SAN DIEGO–A dog roaming in the desert for about a month is finally safe thanks to two County departments, rescue volunteers and a large catch pen.
Staff at Agua Caliente County Park heard a stray was out in the desert but didn’t find him in the park until three weeks ago. He was friendly, even with other animals, but wouldn’t let anyone catch him.
“We were concerned he would starve or get hit by a car,” said County Parks Ranger Allison Lee.
County Parks called County Animal Services March 18 to rescue the animal but the dog wouldn’t fall for its trap. Animal Services called in a rescue volunteer who specializes in capturing animals.
Barbara Fry and two of her volunteers jumped on the case. They decided to create a massive pen. Meantime, visitors left food out for the dog and he could drink from water at the natural springs.
A couple days later, Fry’s team recruited a friendly dog, took food inside the pen and lured the stray into a crate.
The dog, nicknamed Bruno, is now at the County animal shelter in Carlsbad where he was treated for cactus injuries to his nose, mouth and paws. Otherwise, Lt. Lisa Worrick says the dog is in fine shape.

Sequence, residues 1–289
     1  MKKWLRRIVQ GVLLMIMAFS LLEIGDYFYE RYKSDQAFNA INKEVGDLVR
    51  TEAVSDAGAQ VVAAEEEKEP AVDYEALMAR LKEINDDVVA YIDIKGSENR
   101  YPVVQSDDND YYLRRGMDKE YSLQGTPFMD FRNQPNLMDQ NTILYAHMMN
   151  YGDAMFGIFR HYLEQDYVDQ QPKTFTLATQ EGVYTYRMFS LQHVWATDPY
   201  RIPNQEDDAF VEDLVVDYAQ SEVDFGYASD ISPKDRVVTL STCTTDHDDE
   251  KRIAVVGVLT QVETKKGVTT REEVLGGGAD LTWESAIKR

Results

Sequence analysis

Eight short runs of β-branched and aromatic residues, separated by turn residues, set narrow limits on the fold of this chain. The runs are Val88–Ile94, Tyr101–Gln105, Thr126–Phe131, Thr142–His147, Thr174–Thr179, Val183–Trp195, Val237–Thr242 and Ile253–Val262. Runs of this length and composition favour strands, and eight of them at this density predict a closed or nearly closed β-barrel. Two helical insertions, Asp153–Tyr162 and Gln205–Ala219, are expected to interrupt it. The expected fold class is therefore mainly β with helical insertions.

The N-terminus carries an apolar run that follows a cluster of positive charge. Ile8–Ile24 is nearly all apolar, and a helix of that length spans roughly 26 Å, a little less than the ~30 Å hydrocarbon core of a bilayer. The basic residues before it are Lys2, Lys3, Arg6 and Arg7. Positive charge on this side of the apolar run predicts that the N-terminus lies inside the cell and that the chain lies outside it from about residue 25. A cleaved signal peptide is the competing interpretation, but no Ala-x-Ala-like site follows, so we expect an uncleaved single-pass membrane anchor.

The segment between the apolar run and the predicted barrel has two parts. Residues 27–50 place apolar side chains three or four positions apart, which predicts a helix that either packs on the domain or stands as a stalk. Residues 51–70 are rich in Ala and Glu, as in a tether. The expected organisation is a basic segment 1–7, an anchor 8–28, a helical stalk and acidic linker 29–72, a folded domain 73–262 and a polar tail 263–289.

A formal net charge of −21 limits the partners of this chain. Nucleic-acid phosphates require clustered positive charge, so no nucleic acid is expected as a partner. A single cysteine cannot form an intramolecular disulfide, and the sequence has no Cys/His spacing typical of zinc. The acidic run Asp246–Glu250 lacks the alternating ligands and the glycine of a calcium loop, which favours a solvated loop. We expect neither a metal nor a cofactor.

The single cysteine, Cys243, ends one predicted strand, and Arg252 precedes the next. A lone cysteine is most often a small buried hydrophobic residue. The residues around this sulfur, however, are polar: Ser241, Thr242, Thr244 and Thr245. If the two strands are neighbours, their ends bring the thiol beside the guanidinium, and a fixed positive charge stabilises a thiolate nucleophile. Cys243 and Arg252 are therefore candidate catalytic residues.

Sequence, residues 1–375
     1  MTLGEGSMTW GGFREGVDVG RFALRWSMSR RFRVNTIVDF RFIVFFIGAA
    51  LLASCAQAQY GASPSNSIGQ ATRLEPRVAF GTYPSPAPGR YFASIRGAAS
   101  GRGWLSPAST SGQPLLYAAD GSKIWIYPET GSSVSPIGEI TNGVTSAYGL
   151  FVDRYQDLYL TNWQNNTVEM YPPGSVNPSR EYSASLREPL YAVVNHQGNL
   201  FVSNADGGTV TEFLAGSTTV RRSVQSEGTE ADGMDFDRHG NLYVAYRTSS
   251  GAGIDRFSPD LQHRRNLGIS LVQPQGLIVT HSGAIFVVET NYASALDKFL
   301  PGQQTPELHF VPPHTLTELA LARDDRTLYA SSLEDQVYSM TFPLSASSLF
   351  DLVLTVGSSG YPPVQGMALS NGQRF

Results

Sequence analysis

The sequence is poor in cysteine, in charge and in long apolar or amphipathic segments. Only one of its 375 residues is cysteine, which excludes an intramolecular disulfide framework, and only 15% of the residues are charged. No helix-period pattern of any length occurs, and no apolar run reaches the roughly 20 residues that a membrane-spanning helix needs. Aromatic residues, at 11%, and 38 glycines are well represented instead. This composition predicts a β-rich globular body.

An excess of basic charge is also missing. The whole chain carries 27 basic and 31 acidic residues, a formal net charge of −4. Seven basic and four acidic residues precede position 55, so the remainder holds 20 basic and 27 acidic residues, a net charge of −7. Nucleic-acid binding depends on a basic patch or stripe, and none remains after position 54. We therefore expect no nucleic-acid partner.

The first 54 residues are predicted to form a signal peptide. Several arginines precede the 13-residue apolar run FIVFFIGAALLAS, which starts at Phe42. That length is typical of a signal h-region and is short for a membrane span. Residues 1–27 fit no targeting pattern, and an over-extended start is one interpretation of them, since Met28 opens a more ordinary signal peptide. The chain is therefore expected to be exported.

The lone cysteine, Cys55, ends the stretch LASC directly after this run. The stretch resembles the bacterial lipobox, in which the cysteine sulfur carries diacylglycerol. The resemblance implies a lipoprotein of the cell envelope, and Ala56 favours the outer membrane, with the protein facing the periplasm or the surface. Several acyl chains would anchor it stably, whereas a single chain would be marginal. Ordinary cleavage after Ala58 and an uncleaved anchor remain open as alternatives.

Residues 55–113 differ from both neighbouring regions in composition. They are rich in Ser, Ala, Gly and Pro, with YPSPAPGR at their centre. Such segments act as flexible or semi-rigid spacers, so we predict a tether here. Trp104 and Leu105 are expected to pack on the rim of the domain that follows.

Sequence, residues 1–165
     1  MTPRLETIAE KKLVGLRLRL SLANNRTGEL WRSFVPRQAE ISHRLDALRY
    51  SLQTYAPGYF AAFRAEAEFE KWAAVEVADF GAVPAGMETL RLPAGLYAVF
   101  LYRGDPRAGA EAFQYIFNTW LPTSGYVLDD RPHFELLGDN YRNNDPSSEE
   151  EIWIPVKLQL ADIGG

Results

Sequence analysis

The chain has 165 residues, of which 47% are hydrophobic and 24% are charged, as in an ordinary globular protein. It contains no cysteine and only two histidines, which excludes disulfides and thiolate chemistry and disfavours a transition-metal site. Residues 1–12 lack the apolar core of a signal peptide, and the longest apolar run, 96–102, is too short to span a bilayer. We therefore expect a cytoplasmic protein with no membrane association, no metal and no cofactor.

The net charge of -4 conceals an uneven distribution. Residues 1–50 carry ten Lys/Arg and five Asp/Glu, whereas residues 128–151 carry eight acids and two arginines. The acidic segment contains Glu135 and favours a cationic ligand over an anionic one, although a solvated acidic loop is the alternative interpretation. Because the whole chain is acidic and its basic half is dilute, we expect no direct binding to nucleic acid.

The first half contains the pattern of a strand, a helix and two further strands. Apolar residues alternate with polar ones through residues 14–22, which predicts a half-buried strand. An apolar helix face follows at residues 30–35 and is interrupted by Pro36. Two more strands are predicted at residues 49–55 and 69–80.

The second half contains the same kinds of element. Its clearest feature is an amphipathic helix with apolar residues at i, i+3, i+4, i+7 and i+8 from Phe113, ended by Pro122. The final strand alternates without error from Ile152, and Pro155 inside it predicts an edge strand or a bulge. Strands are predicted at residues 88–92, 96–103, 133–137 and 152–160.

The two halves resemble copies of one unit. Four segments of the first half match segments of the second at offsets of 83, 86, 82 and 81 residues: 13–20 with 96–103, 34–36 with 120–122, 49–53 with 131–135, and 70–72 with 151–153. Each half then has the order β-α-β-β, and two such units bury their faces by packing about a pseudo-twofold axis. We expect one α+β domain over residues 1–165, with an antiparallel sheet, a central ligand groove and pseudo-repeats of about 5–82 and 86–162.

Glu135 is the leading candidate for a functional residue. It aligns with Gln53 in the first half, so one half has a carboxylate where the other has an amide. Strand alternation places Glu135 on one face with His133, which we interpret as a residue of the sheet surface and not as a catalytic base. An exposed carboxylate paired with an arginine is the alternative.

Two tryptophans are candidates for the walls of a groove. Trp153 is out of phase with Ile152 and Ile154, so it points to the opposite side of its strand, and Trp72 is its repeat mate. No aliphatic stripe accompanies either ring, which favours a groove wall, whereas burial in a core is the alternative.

Bruno appears to be a 1-½-year-old shar-pei/Anatolian shepherd blend who weighs in a healthy 70 pounds. He doesn’t like a leash, but he’ll let you pet him. Worrick sat down with him in his kennel Thursday morning.
“He laid his head right on my lap,” said Worrick. “He’s scared, and he trembled a little bit, but he likes other dogs and kids, and hasn’t shown any aggression at all.”
The dog didn’t have a microchip. He’s in the midst of a three-day hold to see if an owner claims him. If not, Fry has a finder’s hold on the dog. She’ll adopt him and train him to get used to a leash.
Worrick recommends that anyone who finds a lost dog should call County Animal Services or their local animal shelter. She says dog owners should also microchip their pets. County Animal Services offers low-cost microchipping to residents in the unincorporated areas during regular business hours.